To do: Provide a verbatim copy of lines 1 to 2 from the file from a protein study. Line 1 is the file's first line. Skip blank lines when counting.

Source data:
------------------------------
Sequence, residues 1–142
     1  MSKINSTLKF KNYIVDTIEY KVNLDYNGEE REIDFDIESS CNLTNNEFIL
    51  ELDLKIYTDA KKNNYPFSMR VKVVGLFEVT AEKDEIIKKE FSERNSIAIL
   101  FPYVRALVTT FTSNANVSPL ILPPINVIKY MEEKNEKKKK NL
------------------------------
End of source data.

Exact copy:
Sequence, residues 1–142
     1  MSKINSTLKF KNYIVDTIEY KVNLDYNGEE REIDFDIESS CNLTNNEFIL